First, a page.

Organisation capability is what an organisation is known for, what it is good at. For customers, organisation capabilities become the brand they experience; for the investor, they are the intangibles that give them confidence in future earnings; for the employee inside the company they are the desired culture. Obviously, the implications of this concept are profound since organisation capabilities connect the internal customers to the external customers. By delivering on organisation capabilities, customers and investors will keep signing cheques over to the firm. Organisation capabilities are the deliverables of HR, transfoming HR from being a mere cost centre to a profit centre.
Theory without practice is useless. We need to illustrate organisation capabilities in practice. There are over 14 capabilities. We will consider a few. Charity begins at home. A careful analysis of Econet shows that its phenomenal success rests on three capabilities namely: talent, learning and shared mindset. Talent as an organisation capability means: we are good at and known for attracting, retaining and motivating competent and committed people.
The organisation capability of learning means: we are good at and known for generating and sharing ideas with impact. Shared mindset as an organisation capability means: we are good at and known for making sure our external customers (investors and customers) and employees have a positive experience with the company.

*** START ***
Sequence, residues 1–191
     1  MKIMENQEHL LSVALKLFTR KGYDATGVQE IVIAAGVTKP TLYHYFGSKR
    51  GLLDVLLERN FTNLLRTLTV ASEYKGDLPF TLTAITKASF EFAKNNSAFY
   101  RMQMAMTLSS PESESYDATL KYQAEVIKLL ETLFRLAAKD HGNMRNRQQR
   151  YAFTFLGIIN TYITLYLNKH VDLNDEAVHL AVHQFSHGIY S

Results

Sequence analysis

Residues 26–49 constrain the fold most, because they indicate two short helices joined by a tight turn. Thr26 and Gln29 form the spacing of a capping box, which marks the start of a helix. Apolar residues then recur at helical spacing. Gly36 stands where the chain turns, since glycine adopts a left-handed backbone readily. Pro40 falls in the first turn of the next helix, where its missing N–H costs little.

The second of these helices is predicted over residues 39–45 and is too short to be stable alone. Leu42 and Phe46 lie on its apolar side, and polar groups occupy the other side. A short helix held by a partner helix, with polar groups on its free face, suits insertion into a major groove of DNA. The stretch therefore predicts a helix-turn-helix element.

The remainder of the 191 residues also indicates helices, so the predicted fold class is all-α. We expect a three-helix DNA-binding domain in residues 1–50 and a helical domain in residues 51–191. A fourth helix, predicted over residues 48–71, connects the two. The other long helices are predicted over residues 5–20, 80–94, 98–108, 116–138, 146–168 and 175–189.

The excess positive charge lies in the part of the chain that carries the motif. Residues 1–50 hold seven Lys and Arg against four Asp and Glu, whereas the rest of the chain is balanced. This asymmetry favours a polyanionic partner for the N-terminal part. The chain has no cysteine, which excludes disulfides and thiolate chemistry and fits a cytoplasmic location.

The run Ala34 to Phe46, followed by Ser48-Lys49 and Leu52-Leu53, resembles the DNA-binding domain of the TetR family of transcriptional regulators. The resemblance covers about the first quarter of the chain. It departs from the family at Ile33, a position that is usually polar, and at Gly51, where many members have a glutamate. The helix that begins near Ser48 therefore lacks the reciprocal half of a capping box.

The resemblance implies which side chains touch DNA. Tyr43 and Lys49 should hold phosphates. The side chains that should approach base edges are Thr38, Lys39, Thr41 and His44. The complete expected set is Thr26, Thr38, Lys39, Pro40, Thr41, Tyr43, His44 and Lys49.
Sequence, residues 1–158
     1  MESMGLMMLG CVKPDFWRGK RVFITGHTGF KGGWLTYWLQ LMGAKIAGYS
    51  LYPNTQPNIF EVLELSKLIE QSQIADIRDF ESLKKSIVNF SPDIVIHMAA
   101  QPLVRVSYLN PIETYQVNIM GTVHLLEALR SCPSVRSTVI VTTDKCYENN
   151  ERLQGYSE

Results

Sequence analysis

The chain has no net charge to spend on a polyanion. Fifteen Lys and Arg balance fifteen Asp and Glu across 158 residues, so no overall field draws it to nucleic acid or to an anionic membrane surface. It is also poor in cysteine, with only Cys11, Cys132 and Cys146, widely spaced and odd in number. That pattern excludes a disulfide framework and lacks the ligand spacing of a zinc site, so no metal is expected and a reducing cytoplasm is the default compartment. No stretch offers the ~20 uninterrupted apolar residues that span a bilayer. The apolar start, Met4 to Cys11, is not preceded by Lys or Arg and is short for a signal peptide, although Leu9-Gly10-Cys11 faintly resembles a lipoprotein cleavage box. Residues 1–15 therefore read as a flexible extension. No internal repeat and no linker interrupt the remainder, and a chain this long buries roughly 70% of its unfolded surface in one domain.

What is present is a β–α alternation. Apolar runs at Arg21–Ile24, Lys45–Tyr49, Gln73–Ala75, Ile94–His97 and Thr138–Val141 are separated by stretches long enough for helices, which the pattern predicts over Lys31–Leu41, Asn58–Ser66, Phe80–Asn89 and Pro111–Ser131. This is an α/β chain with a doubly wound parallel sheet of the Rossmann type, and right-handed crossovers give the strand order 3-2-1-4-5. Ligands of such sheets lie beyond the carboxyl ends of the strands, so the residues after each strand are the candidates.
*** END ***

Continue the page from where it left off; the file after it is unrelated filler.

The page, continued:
To illustrate further, we will look at Econet’s learning capability in brief. Econet is good at benchmarking (comparing best international standards), be it communications technology or store layout and intelligently adapting these. It explains largely why Econet is almost always first to the market with the latest technologies. South African telecommunications giants are still struggling with the 3G technology while Econet has already introduced the 4G technology. Of late, due probably to its on-going network upgrading programme, the shared mindset capability is weakening, judging by the frequency of customer complaints over service.
Back to my discussion with the two HR fundis. I pointed out that in their latest work on capabilities, corporate governance was not mentioned. I had felt that corporate governance should be a key capability. Younger and Ulrich concurred with me that indeed corporate governance is a key capability. They pointed out they had spread aspects of corporate governance into capabilities such as risk (we are good at and known for anticipating and managing disruption, predictability and variance) and speed capability (we are good at and known for making important changes fast). The discussion led me to launch into a full research on the relationship between corporate governance and finance.